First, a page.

Murray Scott

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The Honourable
Murray Scott
Speaker of the Nova Scotia House of Assembly
In office
August 20, 1999 – June 29, 2006
Premier John Hamm
Lieutenant Governor James Kinley
Myra Freeman
Preceded by Ron Russell
Succeeded by Cecil Clarke
Member of the Nova Scotia House of Assembly
for Cumberland South
In office
March 24, 1998 – September 8, 2010
Preceded by Guy Brown
Succeeded by Jamie Baillie
Personal details
Born (1953-01-18) January 18, 1953 (age 64)
Springhill, Nova Scotia
Political party Progressive Conservative
Spouse(s) Linda

Murray K. Scott (born January 18, 1953) is a politician in Nova Scotia, Canada. He represented the electoral district of Cumberland South in the Nova Scotia House of Assembly from 1998 to 2010. He served as a member of the Progressive Conservative Party.[1]


Scott attended Atlantic Police Academy and Université de Moncton.


He served 20 years as police officer with the Moncton and Springhill municipal forces, received Governor General's Award for bravery while a police officer, in addition to a 20-year police exemplary service medal, and was president and a provincial director of Local 203, Police Association of Nova Scotia.

Political career[edit]

Scott was first elected to the Nova Scotia House of Assembly in the 1998 election.[2][3] He was re-elected in the 1999,[4] 2003,[5] 2006[6] and 2009 elections.[7] He was elected Speaker of the House of Assembly of Nova Scotia in August 1999,[8] and served in that role until being appointed to cabinet in February 2006.[9] As a member of the Executive Council of Nova Scotia, Scott served as Attorney General and Minister of Justice,[9] Minister of Transportation and Infrastructure Renewal,[10] and Minister of Economic and Rural Development.[11] Along with his cabinet duties, he was also the minister responsible for the Human Rights Act, the Regulations Act, Part II of the Workers' Compensation Act, Military Relations, and Nova Scotia Business Incorporated.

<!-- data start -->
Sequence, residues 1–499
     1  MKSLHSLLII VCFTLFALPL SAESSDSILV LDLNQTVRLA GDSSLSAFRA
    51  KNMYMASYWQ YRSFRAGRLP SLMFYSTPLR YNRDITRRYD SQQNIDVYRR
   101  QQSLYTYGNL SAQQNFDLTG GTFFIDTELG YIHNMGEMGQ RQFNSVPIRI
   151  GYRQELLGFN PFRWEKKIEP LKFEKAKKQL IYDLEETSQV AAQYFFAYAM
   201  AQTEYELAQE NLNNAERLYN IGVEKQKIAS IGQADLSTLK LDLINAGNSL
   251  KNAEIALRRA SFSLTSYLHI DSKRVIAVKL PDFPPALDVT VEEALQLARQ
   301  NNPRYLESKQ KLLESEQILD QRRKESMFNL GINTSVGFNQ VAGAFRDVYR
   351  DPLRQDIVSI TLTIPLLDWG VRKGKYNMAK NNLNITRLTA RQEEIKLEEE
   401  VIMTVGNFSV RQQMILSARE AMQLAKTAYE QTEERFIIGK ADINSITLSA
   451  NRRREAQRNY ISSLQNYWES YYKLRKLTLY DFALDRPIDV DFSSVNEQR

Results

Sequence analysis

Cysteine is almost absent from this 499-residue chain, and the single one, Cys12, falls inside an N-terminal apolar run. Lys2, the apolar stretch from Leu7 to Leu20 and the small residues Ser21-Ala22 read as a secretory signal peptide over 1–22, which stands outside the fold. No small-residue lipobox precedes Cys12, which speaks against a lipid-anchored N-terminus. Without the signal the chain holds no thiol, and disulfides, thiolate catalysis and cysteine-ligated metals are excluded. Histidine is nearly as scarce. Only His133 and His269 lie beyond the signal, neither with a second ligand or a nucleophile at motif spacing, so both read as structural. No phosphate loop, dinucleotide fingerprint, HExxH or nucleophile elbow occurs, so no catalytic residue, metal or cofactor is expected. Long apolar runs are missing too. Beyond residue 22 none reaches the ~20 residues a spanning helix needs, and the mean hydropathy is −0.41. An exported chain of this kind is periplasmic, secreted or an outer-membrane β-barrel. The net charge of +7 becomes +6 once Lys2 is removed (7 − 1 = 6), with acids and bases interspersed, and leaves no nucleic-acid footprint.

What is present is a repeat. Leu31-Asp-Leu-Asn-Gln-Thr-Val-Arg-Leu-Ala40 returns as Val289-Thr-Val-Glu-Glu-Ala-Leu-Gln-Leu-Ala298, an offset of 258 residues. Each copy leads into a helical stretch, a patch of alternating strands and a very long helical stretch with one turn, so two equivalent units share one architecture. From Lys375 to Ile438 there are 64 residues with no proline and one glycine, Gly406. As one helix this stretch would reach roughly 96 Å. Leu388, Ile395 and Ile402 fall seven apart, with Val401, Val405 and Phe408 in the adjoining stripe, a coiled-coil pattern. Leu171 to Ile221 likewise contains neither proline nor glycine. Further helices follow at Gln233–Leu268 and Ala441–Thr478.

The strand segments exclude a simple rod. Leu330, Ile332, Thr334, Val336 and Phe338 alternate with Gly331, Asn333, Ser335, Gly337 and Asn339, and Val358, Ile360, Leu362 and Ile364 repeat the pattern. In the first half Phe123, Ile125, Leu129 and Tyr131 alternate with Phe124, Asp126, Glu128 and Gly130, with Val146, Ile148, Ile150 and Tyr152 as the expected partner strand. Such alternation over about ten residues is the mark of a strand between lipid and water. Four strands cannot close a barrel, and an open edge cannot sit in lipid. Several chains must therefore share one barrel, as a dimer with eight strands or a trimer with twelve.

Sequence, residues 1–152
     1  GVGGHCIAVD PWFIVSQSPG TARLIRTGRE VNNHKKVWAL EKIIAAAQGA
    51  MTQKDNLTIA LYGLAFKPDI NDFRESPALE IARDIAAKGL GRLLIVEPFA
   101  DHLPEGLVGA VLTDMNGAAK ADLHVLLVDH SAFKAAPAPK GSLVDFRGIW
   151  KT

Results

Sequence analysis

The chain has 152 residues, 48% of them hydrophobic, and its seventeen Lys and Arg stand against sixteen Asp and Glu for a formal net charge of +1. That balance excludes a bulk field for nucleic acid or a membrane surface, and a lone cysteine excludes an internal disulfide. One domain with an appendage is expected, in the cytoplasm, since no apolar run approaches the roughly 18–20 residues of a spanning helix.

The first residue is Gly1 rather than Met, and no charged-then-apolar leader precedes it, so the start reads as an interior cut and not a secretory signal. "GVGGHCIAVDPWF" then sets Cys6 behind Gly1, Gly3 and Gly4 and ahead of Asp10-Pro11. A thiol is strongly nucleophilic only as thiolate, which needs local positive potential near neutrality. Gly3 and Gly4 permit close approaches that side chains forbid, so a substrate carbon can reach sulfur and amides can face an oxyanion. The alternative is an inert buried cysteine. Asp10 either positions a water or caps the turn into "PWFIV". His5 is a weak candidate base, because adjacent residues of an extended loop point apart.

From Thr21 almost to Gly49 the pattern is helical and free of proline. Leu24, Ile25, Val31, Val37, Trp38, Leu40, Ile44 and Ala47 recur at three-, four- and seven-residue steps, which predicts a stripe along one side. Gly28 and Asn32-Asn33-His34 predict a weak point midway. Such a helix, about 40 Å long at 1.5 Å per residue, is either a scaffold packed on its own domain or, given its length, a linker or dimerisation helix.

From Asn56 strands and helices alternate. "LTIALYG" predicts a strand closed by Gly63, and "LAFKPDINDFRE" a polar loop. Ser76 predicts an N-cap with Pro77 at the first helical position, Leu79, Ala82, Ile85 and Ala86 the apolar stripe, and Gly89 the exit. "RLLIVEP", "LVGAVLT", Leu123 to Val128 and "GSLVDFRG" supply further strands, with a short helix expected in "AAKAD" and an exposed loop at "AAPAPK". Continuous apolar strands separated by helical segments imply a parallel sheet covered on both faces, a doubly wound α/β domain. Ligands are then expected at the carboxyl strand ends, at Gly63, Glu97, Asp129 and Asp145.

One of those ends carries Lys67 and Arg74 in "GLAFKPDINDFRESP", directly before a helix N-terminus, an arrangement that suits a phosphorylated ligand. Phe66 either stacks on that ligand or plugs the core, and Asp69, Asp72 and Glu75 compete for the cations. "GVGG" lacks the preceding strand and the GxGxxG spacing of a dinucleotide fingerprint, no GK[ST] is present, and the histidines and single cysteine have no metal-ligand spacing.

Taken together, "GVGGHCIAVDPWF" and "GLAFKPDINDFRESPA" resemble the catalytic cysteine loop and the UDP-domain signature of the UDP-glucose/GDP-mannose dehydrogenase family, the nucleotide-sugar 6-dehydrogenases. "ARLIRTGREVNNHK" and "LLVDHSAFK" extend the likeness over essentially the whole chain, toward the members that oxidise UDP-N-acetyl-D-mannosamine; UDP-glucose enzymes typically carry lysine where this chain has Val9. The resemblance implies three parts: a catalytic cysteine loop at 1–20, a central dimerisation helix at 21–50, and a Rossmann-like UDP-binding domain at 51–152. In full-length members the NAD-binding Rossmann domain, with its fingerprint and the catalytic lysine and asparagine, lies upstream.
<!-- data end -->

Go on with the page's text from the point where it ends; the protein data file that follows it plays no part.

On August 10, 2010, Scott announced that he would retire from politics by the end of 2010.[12] He officially resigned as the MLA for Cumberland South on September 8, 2010, clearing the way for party leader Jamie Baillie to run in a byelection.[13]

Community involvement[edit]

Served as a member of the citizens' advisory committee of the Springhill Institution; Co-ordinator of the local association of Crime Stoppers; Also past president of the Springhill Minor Hockey Association; Past vice-president of the Springhill Basketball Association, Past member of Springhill Industrial Commission; Previous Master of the Masonic Lodge; and past financial secretary for the Springhill United Baptist Church.


Scott has been married for 33 years to Linda Scott, an elementary school teacher. They have two children, Jeremy (a lawyer) and Jan (a junior high French teacher).


  1. ^ "Electoral History for Cumberland South" (PDF). Nova Scotia Legislative Library. Retrieved 2015-08-25. 
  2. ^ "Election Returns, 1998 (Cumberland South)" (PDF). Elections Nova Scotia. Retrieved 2015-08-25. 
  3. ^ "Grit veterans swept away by 'orange tide'". The Chronicle Herald. March 25, 1998. Archived from the original on January 24, 2005. Retrieved 2015-08-25. 
  4. ^ "Election Returns, 1999 (Cumberland South)" (PDF). Elections Nova Scotia. Retrieved 2015-08-25. 
  5. ^ "Election Returns, 2003 (Cumberland South)" (PDF). Elections Nova Scotia. Retrieved 2015-08-25. 
  6. ^ "Election Returns, 2006 (Cumberland South)" (PDF). Elections Nova Scotia. Retrieved 2015-08-25. 
  7. ^ "Election Returns, 2009 (Cumberland South)" (PDF). Elections Nova Scotia. Retrieved 2015-08-25. 
  8. ^ "Police skills asset for Speaker". Halifax Chronicle-Herald. August 21, 1999. Archived from the original on January 27, 2003. Retrieved 2014-09-21. 
  9. ^ a b "MacDonald mixes cabinet with old and new". CBC News. February 23, 2006. Retrieved 2014-09-21. 
  10. ^ "Bolivar-Getson demoted". The Chronicle Herald. October 24, 2007. Archived from the original on October 26, 2007. Retrieved 2014-10-13. 
  11. ^ "N.S. Premier Rodney MacDonald shuffles cabinet; one new face". Cape Breton Post. January 7, 2009. Retrieved 2014-10-13. 
  12. ^ "MLA Scott to resign". CBC News. August 11, 2010. Retrieved 2014-09-21. 
  13. ^ "MLA Scott makes way for Baillie". CBC News. September 8, 2010. Retrieved 2014-09-21.